The strange career of Tony Heard

Andrew Donaldson remembers the esteemed editor turned PR man for the ANC regime


THE exact date escapes me but, back in the noughties, I boarded a flight to Cape Town from Johannesburg and, shortly after settling down for take-off, nose-deep in a book, heard a voice telling me I was in his seat. I looked up. It was Tony Heard, the former editor of the Cape Times who passed away last week at the age of 86. It turned out, bizarrely, that we had been allocated identical boarding passes.

Heard was my old boss, and this was the first time I had seen him in years. We had not parted in the most agreeable of circumstances, back in the spring of 1987, and this was a rather awkward reunion in the crowded, cattle class aisle of an SAA flight.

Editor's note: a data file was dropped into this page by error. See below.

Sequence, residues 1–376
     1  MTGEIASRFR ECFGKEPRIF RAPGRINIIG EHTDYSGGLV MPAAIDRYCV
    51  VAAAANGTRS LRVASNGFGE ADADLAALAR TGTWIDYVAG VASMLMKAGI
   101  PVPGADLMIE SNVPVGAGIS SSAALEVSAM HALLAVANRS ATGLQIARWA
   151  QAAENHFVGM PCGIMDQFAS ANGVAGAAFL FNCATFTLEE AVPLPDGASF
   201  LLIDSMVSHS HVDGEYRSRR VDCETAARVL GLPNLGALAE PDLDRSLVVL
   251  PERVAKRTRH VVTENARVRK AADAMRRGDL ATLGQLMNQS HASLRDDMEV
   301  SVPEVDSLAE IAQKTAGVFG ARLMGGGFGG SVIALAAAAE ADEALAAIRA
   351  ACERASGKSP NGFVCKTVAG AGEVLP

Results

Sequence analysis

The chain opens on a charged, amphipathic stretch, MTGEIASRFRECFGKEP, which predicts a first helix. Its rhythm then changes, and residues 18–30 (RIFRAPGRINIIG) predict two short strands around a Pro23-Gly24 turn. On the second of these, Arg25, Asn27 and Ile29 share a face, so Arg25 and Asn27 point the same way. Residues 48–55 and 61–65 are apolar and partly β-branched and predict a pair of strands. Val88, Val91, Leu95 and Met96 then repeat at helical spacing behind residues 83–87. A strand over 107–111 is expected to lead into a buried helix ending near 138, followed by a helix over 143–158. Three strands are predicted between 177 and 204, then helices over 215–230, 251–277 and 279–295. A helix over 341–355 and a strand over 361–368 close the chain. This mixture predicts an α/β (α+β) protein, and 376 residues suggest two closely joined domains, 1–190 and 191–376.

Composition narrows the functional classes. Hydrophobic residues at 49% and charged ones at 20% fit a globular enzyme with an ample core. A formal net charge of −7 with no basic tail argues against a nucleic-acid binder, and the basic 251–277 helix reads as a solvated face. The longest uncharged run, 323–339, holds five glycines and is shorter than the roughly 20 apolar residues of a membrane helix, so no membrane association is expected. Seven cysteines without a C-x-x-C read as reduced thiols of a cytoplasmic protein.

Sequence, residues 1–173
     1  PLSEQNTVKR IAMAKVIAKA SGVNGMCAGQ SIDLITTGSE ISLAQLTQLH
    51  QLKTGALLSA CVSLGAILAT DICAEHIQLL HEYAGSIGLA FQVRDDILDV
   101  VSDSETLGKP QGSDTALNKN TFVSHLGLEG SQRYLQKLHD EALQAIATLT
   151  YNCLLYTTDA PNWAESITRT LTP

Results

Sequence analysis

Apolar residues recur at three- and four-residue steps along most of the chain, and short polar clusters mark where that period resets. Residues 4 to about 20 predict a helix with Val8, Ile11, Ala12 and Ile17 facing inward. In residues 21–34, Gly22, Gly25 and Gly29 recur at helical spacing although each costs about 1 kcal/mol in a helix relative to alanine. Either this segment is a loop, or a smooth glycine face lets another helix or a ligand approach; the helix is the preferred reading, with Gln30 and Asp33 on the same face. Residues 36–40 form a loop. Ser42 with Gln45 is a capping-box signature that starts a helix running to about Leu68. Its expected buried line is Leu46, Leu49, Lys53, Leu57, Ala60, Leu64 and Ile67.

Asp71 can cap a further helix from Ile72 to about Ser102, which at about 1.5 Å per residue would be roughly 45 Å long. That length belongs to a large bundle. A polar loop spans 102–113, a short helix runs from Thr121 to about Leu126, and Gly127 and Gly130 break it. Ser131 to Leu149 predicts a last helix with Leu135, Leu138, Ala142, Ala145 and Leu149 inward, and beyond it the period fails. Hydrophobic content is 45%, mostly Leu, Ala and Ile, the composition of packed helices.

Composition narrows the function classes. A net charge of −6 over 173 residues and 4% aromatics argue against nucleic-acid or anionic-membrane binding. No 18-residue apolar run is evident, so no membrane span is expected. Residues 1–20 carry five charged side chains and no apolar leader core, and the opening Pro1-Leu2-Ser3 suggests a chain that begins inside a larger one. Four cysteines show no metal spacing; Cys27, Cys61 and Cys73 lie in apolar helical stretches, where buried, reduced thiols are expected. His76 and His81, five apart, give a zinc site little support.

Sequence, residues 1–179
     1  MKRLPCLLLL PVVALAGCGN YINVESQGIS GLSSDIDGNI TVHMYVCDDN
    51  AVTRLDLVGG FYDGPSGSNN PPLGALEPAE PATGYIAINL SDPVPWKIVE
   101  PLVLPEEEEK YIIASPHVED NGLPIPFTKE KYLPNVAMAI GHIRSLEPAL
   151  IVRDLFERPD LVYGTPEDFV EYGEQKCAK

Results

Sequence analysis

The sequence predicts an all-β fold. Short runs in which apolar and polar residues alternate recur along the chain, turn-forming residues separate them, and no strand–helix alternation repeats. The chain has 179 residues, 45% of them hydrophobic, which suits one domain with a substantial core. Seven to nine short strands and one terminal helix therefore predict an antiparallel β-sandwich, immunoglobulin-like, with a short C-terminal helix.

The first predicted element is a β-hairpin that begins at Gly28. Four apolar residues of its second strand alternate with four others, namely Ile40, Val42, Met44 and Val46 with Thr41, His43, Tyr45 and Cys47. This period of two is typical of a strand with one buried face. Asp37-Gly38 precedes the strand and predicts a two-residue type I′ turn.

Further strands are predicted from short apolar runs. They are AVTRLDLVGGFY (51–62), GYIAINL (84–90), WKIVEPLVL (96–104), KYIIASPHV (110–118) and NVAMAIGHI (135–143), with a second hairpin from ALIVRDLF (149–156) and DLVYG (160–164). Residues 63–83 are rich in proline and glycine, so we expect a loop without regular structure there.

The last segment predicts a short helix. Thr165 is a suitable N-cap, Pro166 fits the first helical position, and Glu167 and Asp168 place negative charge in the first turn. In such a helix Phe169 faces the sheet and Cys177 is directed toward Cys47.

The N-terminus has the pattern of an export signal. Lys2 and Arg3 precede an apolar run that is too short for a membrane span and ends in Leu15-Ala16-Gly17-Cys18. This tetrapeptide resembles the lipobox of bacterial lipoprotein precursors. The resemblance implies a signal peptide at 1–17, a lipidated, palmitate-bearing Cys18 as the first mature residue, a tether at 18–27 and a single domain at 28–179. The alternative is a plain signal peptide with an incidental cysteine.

After some mumbled pleasantries about nothing in particular, a flight attendant informed a greatly relieved Heard there was a seat for him in business class. “I’ll be up in front with my minister,” he said. With that, the media advisor for Kader Asmal, the then education minister, was led away. 

How sad, I thought: once a celebrated journalist, now a lowly government flunky. This, I now realise, may have been unkind. (We all must eat, and work is work.) On the positive side, I did console myself that it could have been me who had been bumped up from economy; who knows, but perhaps I’d been spared two hours of blarney from the twinkly leprechaun Asmal . A small mercy, then…

I had first worked for the Times in 1982 as a cadet reporter, and upon completing my internship, was offered a position as a general news reporter in September 1983, an opportunity I eagerly welcomed, and, it’s fair to say, a chequered career in the fishwraps followed.